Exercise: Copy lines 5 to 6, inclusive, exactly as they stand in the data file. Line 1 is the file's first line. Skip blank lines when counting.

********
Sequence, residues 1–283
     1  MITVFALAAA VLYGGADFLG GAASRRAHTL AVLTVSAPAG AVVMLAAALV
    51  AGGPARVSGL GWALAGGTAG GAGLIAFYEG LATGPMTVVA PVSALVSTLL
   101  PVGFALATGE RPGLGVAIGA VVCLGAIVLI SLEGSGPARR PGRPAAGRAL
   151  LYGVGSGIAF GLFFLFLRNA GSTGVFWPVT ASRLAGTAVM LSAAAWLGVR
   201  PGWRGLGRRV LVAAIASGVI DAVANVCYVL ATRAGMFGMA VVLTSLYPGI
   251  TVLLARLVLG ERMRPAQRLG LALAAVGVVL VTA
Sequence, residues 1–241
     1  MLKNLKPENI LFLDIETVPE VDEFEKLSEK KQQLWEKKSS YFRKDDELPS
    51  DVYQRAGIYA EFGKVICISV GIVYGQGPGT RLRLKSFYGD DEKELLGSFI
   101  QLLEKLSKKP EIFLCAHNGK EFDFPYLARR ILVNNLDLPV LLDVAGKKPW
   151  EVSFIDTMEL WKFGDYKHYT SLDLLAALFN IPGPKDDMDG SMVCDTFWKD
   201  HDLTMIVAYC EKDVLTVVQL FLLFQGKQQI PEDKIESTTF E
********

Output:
   151  LYGVGSGIAF GLFFLFLRNA GSTGVFWPVT ASRLAGTAVM LSAAAWLGVR
   201  PGWRGLGRRV LVAAIASGVI DAVANVCYVL ATRAGMFGMA VVLTSLYPGI